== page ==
MEXICO CITY (Reuters) - Violent drug gangs in Mexico, which kill thousands of people a year, fund the building of churches in impoverished villages to try to win over locals, a senior Catholic bishop said.

"They are very generous," Bishop Carlos Aguiar told a press conference, Reforma newspaper reported on Saturday.

Aguiar, who heads Mexico's Catholic bishops' conference, said drug traffickers pour money into poverty-stricken towns where the government lacks funds to build roads or provide electricity.

"The drug smugglers build things that mean a lot for these communities," he said. "Many times they will build a church or a chapel."

Aguiar said the Church does not condone drug trafficking and tries to use its influence to get gangsters to leave the trade.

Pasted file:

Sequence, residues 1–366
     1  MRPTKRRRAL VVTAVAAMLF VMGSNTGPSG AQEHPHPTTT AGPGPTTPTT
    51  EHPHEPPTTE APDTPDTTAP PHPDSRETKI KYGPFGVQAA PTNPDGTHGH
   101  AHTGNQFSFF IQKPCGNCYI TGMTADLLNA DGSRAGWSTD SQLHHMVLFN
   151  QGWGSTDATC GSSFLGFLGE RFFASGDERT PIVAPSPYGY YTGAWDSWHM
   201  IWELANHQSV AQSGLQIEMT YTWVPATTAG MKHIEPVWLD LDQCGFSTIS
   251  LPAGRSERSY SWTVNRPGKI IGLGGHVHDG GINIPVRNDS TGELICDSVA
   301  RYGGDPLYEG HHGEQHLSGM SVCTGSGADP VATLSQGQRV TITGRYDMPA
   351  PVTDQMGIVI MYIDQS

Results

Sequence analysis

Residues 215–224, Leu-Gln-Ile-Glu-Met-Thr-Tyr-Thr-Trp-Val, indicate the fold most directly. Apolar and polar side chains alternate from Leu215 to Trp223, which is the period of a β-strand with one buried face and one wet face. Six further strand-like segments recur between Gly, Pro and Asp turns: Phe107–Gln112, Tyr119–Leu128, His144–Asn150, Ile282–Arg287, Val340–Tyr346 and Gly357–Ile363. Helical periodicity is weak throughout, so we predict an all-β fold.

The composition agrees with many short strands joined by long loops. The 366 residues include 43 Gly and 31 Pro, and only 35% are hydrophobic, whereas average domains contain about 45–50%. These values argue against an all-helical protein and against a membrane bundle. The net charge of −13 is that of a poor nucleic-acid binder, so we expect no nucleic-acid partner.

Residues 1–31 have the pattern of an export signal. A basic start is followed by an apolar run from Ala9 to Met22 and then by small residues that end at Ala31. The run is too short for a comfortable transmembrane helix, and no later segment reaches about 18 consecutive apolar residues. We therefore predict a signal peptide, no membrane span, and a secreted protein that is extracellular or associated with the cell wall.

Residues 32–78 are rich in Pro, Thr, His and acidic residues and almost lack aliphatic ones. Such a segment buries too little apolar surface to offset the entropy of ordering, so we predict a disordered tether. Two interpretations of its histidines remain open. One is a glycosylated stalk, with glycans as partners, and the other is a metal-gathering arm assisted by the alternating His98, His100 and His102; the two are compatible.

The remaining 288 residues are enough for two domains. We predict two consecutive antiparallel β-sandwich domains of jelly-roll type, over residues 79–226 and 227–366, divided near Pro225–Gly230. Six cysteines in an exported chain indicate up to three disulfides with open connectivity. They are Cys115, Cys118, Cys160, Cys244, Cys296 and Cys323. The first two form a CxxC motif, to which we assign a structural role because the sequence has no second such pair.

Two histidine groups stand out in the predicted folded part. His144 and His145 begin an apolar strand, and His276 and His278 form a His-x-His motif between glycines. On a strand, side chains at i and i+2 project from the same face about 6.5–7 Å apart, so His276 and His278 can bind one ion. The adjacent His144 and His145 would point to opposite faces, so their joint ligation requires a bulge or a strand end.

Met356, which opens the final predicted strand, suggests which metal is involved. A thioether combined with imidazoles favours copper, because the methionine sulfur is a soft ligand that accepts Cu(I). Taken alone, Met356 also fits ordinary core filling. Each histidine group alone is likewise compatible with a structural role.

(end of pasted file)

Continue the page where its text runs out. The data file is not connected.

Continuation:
"I'm not justifying it, I'm just saying how it is," he said.

More than 2,500 people died in Mexico last year in a war between rival cartels for control of smuggling routes to the United States. Cartel hitmen often torture, suffocate or behead rivals.


Link to source-webpage, obtained via: Yahoo! News: World - Latin America, April 4, 2008, 5:20pm

Tom Usher

About Tom Usher

Employment: 2008 - present, website developer and writer. 2015 - present, insurance broker. Education: Arizona State University, Bachelor of Science in Political Science. City University of Seattle, graduate studies in Public Administration. Volunteerism: 2007 - present, president of the Real Liberal Christian Church and Christian Commons Project.